The GOOD Guide to Better Neighborhoods: Join a New-and-Improved Commune

That 1960s experiment is back—but the rules have changed. To ease the awkwardness, here are some dos and don’ts for modern-day communal living.
Say the word “commune,” and it calls up certain associations: hippies, yurts, big pots of bean stew, awkward free love experiments gone wrong. But the idea of cooperative living arrangements predates all of that, and if current-day advocates like Stephanie Smith of WeCommune and Alex Marshall of Brooklyn Cohousing have anything to do with it, it will survive long into the future.
Smith, an architect in San Francisco, is aware of the sex, drugs, and yurts cliche of communes, but she defines the essence of a commune as a simple and sensible pairing. “To me, a commune just means community and resource-sharing together,” she says. It’s the economic advantages of sharing, combined with the “low hum of support” that comes from knowing that the people around you are watching your back. Struck by the lack of traditions around sharing in our society, Smith is at work building simple, web-based tools to make resource sharing easier.
Marshall is a journalist who in 2007 became the leader of a group seeking to acquire a building in Brooklyn and live in it as a community. Their model is cohousing, an idea that originated in Denmark in the 1960s and is on the rise in the United States. Cohousing developments are intentional communities, in which residents own their own homes and jointly own a common indoor and outdoor space. In practice, they often look more like standard condo developments than bastions of the counterculture. Decision-making is by consensus, and privacy is respected, while supportive interaction among neighbors is prized.
We asked Smith and Marshall how to make the most of such unconventional living arrangements—without stepping on your neighbors’ toes.
DO decide on your community’s values early on. Once your vision is in place, says Marshall, “getting a good group together is largely a self-selection process. You tend to attract other people who like that vision, and people who aren’t attracted to it go away.”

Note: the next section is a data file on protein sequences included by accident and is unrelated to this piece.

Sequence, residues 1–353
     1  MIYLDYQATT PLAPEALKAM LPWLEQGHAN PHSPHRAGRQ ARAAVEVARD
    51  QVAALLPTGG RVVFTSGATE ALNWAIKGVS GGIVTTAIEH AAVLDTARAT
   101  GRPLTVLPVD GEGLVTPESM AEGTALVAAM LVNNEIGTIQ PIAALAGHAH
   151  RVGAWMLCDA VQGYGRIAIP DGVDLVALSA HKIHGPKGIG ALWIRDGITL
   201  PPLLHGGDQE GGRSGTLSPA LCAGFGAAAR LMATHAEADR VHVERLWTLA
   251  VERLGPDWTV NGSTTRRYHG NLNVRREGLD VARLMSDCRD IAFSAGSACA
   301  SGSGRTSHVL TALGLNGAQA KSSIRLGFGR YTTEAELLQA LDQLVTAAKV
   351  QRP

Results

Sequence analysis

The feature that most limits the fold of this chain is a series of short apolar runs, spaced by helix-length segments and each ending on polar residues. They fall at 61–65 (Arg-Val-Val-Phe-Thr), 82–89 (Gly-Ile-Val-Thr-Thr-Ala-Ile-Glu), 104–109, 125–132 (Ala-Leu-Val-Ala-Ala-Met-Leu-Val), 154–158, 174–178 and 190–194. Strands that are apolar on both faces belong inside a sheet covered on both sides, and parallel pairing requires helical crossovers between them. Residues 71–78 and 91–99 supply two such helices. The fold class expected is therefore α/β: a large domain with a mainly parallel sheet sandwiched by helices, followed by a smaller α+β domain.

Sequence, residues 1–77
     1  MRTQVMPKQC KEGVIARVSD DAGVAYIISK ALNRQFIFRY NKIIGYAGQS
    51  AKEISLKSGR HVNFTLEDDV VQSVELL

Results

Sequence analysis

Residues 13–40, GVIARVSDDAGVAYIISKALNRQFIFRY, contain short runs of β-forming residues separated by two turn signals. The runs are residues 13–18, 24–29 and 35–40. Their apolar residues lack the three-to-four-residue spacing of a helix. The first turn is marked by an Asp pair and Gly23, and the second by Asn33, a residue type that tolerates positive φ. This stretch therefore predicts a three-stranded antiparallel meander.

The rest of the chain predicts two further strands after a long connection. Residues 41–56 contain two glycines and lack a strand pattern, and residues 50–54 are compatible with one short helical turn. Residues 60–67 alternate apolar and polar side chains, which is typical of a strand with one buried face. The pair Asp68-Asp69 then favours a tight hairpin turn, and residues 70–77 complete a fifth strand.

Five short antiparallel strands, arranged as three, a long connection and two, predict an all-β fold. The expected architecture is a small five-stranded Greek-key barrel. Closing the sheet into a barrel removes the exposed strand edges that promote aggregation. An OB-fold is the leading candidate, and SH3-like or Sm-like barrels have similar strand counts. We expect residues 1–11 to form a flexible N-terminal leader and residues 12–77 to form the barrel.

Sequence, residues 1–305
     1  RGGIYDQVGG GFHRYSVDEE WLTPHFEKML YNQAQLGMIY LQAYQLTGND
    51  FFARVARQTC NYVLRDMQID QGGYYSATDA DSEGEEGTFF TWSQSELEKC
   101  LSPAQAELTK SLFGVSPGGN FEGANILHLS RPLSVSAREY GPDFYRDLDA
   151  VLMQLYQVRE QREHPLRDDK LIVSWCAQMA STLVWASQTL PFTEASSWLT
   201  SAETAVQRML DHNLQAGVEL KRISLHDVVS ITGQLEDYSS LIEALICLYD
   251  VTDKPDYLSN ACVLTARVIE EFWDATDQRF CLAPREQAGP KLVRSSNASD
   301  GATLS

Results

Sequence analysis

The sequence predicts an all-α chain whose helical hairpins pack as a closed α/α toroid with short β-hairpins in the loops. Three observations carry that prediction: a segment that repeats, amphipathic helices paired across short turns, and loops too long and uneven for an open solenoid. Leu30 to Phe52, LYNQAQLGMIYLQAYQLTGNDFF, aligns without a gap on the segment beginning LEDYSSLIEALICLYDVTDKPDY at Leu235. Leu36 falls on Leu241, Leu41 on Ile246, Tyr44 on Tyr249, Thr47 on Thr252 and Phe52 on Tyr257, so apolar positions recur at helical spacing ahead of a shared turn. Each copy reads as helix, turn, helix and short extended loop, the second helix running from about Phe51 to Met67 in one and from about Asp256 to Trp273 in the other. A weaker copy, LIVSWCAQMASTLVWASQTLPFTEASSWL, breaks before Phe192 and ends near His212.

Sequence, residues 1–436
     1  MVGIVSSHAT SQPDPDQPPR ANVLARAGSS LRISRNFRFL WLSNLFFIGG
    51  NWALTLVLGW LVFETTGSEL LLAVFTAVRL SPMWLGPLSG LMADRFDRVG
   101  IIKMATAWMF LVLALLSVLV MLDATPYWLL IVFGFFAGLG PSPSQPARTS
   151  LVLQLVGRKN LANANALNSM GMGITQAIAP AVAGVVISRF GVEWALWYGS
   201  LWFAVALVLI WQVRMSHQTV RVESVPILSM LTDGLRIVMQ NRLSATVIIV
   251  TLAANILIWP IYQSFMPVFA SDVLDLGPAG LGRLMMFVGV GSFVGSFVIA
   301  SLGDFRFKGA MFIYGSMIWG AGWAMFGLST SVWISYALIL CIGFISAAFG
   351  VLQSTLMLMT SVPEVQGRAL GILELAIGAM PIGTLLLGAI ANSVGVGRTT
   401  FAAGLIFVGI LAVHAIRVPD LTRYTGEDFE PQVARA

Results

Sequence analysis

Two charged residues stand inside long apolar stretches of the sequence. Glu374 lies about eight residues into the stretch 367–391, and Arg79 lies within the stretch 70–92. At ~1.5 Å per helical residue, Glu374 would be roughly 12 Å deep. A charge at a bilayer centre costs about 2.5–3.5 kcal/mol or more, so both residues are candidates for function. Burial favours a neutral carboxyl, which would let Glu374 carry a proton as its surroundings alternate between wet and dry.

DO keep lines of communication open. In Smith’s four-person apartment, a notebook and pen live on the kitchen table. Householders use it “almost like a collective journal.” In a commune, Smith explains, “there needs to be a way to have collective dialogue that doesn’t necessarily lead to dispute.”
DO trust the power of consensus. “I think the consensus process is really helpful in building a group,” says Marshall, “because it forces you to communicate well and to listen. People often disagree, but there’s rarely a feeling of being forced out.”
DON’T think being in a community is the same as being friends. “I think it’s really crucial to understand the difference between friends and fellow communards,” says Smith. “It can get very claustrophobic if you feel you need to be friendly to your housemates every time you seen them.”
DO enjoy the economic benefits of communal living. Marshall’s group plans to leverage their strength in numbers to buy a large portion of a condo building at an attractive rate, taking advantage of their appeal to strapped developers.
DON’T repeat the mistakes of the past. Smith names two patterns that led the communes of the 1960s into decline. Rural communes failed because they were founded by would-be farmers who didn’t know how to farm. Urban communes succumbed to social chaos. “Sex and drugs and rock and roll was the spirit of the times,” says Smith. “Today, you can divorce it from those aspects and do it for logical reasons.”
DO learn from the success stories. Smith observes that in the few 1960s communes that thrived, the members found a common cause to rally around. Child-raising, well-managed farming, or shared creative pursuits have all acted as the “glue” binding an intentional community together for the long haul. So find your glue, and stick with it.

Illustration by Trevor Burks.
This article first appeared in The GOOD Guide to Better Neighborhoods. You can read more of the guide here, or you can read more of the GOOD Neighborhoods Issue here.
via The Howard Stern Show / YouTube